Book Review: The Binge Continues

My historical romance binge continues with a three-book series called The Extraordinaries, by author Melissa McShane. Let’s be honest: I read these books because of the GORGEOUS covers. It happens.

You will probably enjoy this series if you are a fan of naval war books like the Horatio Hornblower novels but with a fantasy twist, like the Glamourist Histories.

Burning Bright introduces us to a Regency world where children, usually in upper-class families, develop “extraordinary” genetic traits. The powers are an expansion of paranormal concepts like telekinesis, telepathy, and pyrokinesis, and the magic system is well designed and believable.

The novel is a nicely executed read about a woman choosing neither forced marriage nor spinsterhood, but the “third path,” of serving in the British Navy. My initial headlong dive into the book washed up plenty of surprising plot twists and a very satisfying ending. A second-read revealed a few minor issues I glazed over due to enjoyment, but on the whole, it is solid.

Wondering Sight is a middle novel, and for me, the least enjoyable of the trilogy. The pacing bogged down and so did the main character’s arc, both suffering from the same problem: Backstory Baggage. The result is a book that offers a reader unclear expectations and conflicting foreshadowing about the hero/villain, romance element, and the mechanics of the heroine’s Seer powers.

Frankly, a story about a woman who lays on her bed and Dreams or has Visions a lot was going to be problematic. The book’s flow was regularly interrupted by confusing secondary characters, info-dumping and almost entirely unsuitable, unromantic love interest. I finished for the sake of the series, but I wasn’t surprised by anything, and I didn’t really care about the characters by the end of the book.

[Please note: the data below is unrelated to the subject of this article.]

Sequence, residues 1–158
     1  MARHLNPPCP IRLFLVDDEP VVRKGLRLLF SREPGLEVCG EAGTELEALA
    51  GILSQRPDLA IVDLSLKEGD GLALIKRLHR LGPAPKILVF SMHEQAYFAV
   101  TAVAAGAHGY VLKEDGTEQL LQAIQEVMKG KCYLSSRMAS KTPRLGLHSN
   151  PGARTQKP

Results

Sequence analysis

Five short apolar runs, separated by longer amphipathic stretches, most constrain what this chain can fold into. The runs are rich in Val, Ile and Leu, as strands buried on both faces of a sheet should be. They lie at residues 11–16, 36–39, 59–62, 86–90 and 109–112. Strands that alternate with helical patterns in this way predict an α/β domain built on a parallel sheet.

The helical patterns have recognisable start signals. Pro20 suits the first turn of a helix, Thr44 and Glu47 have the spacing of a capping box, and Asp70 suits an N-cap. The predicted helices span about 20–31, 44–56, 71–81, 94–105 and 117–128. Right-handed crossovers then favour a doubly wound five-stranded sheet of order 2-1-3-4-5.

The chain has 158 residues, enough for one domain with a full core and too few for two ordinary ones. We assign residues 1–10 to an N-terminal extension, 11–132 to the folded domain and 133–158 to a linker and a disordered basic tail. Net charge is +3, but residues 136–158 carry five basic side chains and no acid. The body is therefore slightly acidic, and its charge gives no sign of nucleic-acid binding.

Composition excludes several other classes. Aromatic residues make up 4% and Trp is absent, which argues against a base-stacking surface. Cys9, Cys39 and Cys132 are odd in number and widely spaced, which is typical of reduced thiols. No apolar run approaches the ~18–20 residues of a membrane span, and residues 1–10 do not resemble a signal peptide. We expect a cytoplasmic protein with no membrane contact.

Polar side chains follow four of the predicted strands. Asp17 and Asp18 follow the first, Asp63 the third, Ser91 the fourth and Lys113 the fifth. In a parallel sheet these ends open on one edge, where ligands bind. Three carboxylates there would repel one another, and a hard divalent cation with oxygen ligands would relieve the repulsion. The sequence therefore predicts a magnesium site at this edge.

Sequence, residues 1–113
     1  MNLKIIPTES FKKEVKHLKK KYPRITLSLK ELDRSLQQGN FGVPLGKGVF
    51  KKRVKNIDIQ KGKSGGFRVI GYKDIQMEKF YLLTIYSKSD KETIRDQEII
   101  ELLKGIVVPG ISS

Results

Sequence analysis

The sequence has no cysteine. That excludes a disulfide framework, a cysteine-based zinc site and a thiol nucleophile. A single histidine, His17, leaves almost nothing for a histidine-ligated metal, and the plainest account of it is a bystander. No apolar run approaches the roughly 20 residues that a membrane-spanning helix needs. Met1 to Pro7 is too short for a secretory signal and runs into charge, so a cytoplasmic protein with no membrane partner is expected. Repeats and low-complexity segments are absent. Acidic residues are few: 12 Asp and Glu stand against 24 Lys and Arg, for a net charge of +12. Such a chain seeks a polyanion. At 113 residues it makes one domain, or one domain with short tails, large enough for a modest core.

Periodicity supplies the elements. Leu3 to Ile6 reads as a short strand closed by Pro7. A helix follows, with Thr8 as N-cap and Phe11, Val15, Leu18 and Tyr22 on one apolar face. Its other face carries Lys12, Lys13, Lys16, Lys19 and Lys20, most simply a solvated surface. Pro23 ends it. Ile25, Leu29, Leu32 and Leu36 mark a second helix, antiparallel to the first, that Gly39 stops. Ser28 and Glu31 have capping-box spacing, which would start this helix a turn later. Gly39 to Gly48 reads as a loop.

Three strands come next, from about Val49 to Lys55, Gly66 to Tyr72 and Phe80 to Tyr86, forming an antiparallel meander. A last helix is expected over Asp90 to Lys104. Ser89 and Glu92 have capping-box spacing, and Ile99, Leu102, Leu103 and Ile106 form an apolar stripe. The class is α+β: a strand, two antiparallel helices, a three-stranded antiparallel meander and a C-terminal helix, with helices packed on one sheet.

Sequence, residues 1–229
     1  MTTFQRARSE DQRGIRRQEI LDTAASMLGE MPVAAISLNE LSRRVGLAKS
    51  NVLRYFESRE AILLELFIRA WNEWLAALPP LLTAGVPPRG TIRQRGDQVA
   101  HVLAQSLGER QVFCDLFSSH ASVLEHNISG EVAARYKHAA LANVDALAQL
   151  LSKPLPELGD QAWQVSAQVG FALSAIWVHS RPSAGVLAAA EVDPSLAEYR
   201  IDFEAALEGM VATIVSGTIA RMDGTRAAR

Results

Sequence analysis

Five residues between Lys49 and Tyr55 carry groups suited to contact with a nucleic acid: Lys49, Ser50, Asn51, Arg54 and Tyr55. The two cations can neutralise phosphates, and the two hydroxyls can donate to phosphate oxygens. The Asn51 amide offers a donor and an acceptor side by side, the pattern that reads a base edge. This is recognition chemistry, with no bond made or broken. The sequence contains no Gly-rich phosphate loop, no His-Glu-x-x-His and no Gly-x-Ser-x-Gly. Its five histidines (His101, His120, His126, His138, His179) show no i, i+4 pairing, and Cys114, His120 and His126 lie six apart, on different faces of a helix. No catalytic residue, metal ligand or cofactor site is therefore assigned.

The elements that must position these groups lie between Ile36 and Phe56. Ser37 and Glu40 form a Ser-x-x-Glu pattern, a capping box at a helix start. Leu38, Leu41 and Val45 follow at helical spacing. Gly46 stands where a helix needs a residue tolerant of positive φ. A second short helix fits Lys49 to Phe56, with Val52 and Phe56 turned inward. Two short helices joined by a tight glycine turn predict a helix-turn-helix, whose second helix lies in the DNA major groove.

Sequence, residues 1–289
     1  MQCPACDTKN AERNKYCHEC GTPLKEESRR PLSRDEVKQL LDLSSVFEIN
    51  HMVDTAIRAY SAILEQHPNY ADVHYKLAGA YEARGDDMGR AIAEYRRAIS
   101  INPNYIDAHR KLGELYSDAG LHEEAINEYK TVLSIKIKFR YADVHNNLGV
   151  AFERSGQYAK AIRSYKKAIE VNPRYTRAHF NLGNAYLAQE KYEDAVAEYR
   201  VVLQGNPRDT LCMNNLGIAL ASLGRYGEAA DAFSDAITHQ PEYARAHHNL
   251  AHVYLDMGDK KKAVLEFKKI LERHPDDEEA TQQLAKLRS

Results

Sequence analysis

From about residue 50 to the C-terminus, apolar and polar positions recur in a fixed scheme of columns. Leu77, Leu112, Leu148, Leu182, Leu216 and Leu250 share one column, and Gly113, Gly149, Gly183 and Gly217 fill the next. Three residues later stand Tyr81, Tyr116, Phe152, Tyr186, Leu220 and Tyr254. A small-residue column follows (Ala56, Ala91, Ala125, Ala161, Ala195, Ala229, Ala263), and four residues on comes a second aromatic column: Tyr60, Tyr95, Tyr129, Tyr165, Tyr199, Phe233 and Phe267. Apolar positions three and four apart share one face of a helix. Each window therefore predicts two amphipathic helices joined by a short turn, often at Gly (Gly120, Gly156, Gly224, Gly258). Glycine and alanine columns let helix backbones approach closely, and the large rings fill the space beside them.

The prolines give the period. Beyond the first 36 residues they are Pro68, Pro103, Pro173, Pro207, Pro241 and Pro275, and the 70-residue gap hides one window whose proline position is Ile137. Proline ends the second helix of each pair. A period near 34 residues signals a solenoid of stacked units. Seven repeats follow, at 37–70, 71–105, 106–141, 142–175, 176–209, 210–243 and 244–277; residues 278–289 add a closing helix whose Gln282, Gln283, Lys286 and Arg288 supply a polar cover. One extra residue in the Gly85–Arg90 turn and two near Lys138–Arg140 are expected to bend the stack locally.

Abounding Might has the most enjoyable main character of the three books. From a writerly perspective, it may be the strongest, but I like boat stories better than intrigue tales, so #1 is my favorite.

It begins in the way “they” say you’re supposed to start a book: In the middle of the action. I would submit that, while technically “correct,” beginning on a battlefield, with a dead man covered in blood, is an awfully rough place to start a romance.

I appreciated that the heroine of the book pushed boundaries, took huge risks, and suffered consequences for them. A true romance, it was the relationship between the heroine and her hero that made this book a good read.

It did not suffer from the info dump lulls or confusing character substitutions in Book 2, but some heavy-handed foreshadowing of a few plot lines made it a little predictable in the second act. Not so much that there weren’t surprises and misdirections to enjoy at the climax and in the denouement.

Taken as a whole, the series has enjoyable settings, great main characters, a thoughtful magic system, interesting ideas, and is well plotted. Plenty there for a good solid historical, romance, fantasy, Regency binge, if you’re on the lookout for exactly that sort of thing.

 

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